His approach to abolitionism was not restricted only to lectures. In 1847, Brown published the Narrative of William W. Brown, a Fugitive Slave, Written by Himself, which became a bestseller second only to Frederick Douglass' narrative. In it, he critiques his master’s lack of Christian values and the brutal use of violence in master-slave relations. When Brown lived in Britain, he wrote more publications, including travel accounts and plays.
His first novel, entitled Clotel, or, The President’s Daughter: a Narrative of Slave Life in the United States, is credited as being the first novel written by an African American. However, because the novel was published in England, the book is not the first African-American novel published in the United States. This credit goes to one of two disputed books: Harriet Wilson's Our Nig (1859), brought to light by Henry Louis Gates Jr. in 1982; or Julia C. Collins' The Curse of Caste; or The Slave Bride (1865), brought to light by William L. Andrews, an English literature professor at the University of North Carolina at Chapel Hill, and Mitch Kachun, a history professor at Western Michigan University, in 2006. Andrews and Kachun document Our Nig as a novelized autobiography, and argue that The Curse of Caste is the first fully fictional novel by an African-American to be published in the U.S.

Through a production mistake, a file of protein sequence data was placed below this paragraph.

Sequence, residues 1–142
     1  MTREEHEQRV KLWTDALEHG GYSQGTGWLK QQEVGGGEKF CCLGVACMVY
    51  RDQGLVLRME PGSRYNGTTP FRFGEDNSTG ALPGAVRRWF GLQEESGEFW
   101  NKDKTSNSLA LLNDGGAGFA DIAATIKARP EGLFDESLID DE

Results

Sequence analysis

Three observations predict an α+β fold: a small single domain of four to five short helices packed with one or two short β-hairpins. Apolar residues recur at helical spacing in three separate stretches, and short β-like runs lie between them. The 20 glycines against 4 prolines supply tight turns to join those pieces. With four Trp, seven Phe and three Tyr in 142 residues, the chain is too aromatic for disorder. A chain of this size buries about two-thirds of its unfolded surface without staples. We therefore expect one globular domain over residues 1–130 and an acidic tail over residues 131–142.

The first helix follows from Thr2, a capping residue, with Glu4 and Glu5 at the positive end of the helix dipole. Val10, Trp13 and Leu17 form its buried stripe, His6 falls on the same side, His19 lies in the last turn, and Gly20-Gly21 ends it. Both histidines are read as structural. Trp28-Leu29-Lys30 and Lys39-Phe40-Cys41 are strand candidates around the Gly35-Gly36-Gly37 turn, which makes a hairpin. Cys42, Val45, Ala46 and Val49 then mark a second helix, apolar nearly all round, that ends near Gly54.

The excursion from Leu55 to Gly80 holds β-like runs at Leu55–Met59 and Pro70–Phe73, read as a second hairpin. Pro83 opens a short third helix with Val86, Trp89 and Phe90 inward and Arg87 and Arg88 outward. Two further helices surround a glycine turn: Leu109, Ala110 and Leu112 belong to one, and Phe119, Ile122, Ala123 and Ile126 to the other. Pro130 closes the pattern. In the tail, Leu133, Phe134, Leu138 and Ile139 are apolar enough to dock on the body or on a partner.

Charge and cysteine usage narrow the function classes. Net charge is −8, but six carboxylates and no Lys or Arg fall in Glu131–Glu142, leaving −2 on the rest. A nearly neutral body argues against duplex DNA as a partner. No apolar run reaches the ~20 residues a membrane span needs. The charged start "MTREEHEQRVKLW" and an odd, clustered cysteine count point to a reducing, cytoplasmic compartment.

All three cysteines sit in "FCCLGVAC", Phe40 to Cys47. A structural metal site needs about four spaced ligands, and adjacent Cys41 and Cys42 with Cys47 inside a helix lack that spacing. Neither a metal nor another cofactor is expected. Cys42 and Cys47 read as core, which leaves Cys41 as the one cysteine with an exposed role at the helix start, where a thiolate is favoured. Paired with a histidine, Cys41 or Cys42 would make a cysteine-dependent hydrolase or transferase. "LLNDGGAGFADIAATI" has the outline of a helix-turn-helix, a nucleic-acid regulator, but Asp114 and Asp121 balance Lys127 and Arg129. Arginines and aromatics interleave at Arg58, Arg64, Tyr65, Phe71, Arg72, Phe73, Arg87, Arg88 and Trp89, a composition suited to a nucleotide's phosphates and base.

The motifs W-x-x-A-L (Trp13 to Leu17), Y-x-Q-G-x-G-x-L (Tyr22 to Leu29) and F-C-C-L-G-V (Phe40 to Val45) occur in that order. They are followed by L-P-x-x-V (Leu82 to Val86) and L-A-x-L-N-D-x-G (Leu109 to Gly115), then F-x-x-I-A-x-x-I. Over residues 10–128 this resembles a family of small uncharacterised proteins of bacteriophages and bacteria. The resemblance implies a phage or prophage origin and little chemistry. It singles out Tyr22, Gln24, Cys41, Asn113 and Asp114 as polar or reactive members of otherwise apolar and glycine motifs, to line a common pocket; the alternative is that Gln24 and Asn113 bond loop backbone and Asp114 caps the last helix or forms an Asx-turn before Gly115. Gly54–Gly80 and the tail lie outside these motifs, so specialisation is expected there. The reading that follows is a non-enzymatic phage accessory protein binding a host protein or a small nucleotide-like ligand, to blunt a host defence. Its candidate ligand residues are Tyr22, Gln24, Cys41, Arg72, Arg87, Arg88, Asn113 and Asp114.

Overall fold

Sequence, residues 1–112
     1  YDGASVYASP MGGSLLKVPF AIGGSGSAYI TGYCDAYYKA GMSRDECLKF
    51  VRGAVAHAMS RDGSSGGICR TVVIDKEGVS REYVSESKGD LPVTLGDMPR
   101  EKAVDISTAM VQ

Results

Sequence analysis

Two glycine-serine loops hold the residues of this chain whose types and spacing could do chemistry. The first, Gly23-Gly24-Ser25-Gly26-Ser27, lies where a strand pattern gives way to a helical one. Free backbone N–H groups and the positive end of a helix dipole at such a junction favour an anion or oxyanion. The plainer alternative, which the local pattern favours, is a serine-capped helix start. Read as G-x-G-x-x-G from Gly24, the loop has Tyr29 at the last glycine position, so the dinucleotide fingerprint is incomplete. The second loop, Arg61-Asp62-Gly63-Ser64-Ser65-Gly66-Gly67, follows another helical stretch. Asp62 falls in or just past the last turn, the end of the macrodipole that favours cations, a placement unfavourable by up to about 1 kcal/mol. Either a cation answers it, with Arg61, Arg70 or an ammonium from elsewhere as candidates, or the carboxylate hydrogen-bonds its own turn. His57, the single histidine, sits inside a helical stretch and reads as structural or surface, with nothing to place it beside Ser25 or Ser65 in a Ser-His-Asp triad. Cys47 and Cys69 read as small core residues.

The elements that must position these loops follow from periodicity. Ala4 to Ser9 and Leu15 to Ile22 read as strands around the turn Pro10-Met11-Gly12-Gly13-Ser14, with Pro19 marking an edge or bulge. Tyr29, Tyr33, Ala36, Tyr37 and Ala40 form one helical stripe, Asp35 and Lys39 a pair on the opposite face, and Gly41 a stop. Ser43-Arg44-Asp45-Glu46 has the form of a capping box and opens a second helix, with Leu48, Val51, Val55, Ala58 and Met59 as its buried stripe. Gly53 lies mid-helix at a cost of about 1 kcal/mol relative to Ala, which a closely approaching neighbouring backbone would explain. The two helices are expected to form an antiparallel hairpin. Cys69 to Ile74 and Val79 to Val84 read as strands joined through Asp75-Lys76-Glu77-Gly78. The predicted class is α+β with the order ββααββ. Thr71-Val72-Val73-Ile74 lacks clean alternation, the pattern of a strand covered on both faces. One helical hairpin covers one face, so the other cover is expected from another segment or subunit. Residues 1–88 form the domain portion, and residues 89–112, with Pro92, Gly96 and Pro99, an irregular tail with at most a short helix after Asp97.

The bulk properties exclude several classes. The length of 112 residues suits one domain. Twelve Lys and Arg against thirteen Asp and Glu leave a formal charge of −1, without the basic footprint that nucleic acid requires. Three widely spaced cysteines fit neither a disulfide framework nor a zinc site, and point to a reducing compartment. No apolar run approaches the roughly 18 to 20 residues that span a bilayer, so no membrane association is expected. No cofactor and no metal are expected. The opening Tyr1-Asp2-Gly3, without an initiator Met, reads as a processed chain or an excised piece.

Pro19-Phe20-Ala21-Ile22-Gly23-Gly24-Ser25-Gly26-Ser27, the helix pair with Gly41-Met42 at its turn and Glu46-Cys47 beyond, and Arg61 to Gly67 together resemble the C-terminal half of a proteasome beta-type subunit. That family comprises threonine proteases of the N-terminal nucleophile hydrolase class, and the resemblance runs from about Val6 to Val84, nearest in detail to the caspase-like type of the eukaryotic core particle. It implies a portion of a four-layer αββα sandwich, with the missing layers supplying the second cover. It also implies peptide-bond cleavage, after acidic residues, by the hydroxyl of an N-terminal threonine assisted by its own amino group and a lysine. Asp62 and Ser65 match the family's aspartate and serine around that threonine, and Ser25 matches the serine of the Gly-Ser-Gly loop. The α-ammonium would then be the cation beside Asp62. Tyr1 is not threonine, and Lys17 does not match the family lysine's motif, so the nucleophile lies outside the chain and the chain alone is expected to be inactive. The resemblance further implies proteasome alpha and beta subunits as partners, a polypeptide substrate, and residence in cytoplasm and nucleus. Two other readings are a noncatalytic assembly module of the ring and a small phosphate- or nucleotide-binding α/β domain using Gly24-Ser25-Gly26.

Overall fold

However, most scholars agree that Brown is the first published African-American playwright. Brown wrote two plays, The Experience; or, How to Give a Northern Man a Backbone (1856, unpublished and no longer extant) and The Escape; or, A Leap for Freedom (published 1858), which he read aloud at abolitionist meetings in lieu of the typical lecture.
Brown also wrote several historical works, including The Black Man: His Antecedents, His Genius, and His Achievements (1863), The Negro in the American Revolution (1867), The Rising Son (1873), and another volume of autobiography, My Southern Home (1880).
After British friends purchased his freedom in 1854, Brown returned to the United States and continued to deliver lectures. In a shift likely inspired by the increasingly dangerous environment for blacks in the 1850s, he became a proponent of African American emigration to Haiti. Like some other abolitionists, he also decided that more militant acts were necessary to gain progress in their cause. During the Civil War and in the decades that followed, Brown continued to publish fiction and non-fiction books, thereby securing his reputation as one of the most prolific African American writers of his time. He also played a more active role in Civil War. It was Wells who introduced Bermudian soldier Robert John Simmons to the abolitionist Frances George Shaw, father of Col. Robert Gould Shaw, the commanding officer of the 54th Massachusetts Volunteer Infantry.
William Wells Brown died in Chelsea, Massachusetts in 1884.